Japan makes a considerable contribution to the Regional Cooperative Agreement for Research, Development and Training (RCA) and also supports the Forum for Nuclear Cooperation in Asia (FNCA), in light of the important role which they perform. The FNCA is a framework to facilitate voluntary cooperation among the countries in the region through the equal partnership. It plays an important role in promoting the peaceful uses of nuclear energy in the Asian region. Japan actively supports cooperation through such regional frameworks.

As a citizen of the only country that has suffered atomic bombings, I hold the firm belief that nuclear weapons should never be used again. Nuclear energy, if used with caution and reason, can bring us the blessings of more comfortable, affluent living. Japan has strictly limited the use of nuclear energy to peaceful purposes since the enactment of the Atomic Energy Basic Law in 1955 upon the introduction of nuclear power. Since then, we have come a long way to gain international confidence through, among others, faithful implementation of the IAEA safeguards agreement concluded in 1977, the early conclusion of the Additional Protocol, and implementation of integrated safeguards. In Japan, further utilization of nuclear energy is expected, as seen in the progress for starting the industrial operation of the Rokkasho large-scale commercial reprocessing plant in Aomori Prefecture. Japan continues to uphold its established policy on the peaceful uses of nuclear energy through the strict application of safeguards.

3. Strengthening of the Nuclear Non-Proliferation Regime

Mr. President,
The international community currently faces a number of serious challenges, such as the nuclear issues concerning the DPRK and Iran, the proliferation of weapons of mass destruction and their delivery means, and the threat of nuclear terrorism. Nuclear proliferation is a threat to international peace and security and there is a pressing need to strengthen the international nuclear non-proliferation regime.

The First Session of the Preparatory Committee for the 2010 NPT Review Conference was held here in Vienna from April to May this year, under the chairmanship of the Resident Representative of Japan, Ambassador Amano. Despite some difficulties, we reached common recognition of the need to promote all three pillars of the NPT, namely nuclear disarmament, nuclear non-proliferation and the peaceful uses of nuclear energy. The Committee thus made a good start toward the success of the 2010 Review Conference. It was an important step in reinforcing the NPT regime.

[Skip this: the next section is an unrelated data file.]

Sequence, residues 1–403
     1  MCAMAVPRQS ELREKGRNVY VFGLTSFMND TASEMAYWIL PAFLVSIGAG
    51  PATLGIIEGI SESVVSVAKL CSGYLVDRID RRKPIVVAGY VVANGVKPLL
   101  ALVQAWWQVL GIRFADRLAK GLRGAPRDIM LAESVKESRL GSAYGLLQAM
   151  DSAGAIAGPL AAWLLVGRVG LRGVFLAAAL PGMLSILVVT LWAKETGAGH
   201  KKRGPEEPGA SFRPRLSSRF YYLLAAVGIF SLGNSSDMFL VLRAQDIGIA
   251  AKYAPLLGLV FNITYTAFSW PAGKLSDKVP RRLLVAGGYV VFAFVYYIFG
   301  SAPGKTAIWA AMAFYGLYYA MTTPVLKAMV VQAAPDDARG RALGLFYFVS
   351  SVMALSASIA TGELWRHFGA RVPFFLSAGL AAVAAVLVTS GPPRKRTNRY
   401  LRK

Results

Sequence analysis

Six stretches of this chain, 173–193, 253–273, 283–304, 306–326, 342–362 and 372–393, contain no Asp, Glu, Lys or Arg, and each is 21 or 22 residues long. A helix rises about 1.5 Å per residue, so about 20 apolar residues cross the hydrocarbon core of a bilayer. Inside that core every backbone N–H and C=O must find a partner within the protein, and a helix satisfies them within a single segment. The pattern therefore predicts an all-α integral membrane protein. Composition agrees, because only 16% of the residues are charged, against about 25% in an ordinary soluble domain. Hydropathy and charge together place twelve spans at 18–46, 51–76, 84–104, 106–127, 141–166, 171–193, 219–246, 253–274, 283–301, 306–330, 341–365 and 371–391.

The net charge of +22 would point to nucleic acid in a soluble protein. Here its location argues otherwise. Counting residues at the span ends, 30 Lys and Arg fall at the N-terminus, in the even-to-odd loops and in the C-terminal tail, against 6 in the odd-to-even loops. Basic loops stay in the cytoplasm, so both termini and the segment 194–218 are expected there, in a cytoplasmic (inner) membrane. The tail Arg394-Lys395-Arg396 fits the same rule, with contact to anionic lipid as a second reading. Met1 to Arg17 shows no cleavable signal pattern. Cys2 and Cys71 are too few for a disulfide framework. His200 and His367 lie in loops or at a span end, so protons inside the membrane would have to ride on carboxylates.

The strengthening of the IAEA safeguards system is vital to reinforcing the nuclear non-proliferation regime. Japan believes that universalization of the Additional Protocol is the most realistic and effective way to achieve this objective. We have been conducting various activities to this end, focusing on the Asian region. Recent examples include the IAEA safeguards regional seminar held in Sydney in July last year and the National Seminar on Additional Protocol held in Hanoi, Vietnam, last month in cooperation with Australia and the IAEA. I am pleased to learn that the Government of Vietnam signed the Additional Protocol last month. Progress has been made in universalization, with the number of the countries who have concluded the Additional Protocol increasing from 39 to 83 over the last three years. I would like to take this opportunity to call upon those States that have not yet concluded an Additional Protocol to do so as soon as possible.

Mr. President,
The nuclear test proclaimed by the DPRK in October last year, combined with its buildup of ballistic missiles capabilities, is a threat to the peace and security of not only Japan but also East Asia and the entire international community, and represents a serious challenge to the NPT regime. In this respect, it is important that United Nations Security Council Resolution 1718 is steadily implemented. The Initial Actions agreed at the Six-Party Talks, including the shutdown of the Yongbyon nuclear facility, have been implemented. We are currently discussing the "next phase." Japan continues to actively work towards a peaceful resolution of nuclear issues within the framework of the Six-Party Talks, with a view to resolving outstanding issues concerned with the DPRK, including abductions, nuclear and missile issues, and realizing the normalization of relations with the DPRK. Japan has made a positive contribution to the Agency's monitoring and verification activities in the DPRK.

Mr. President,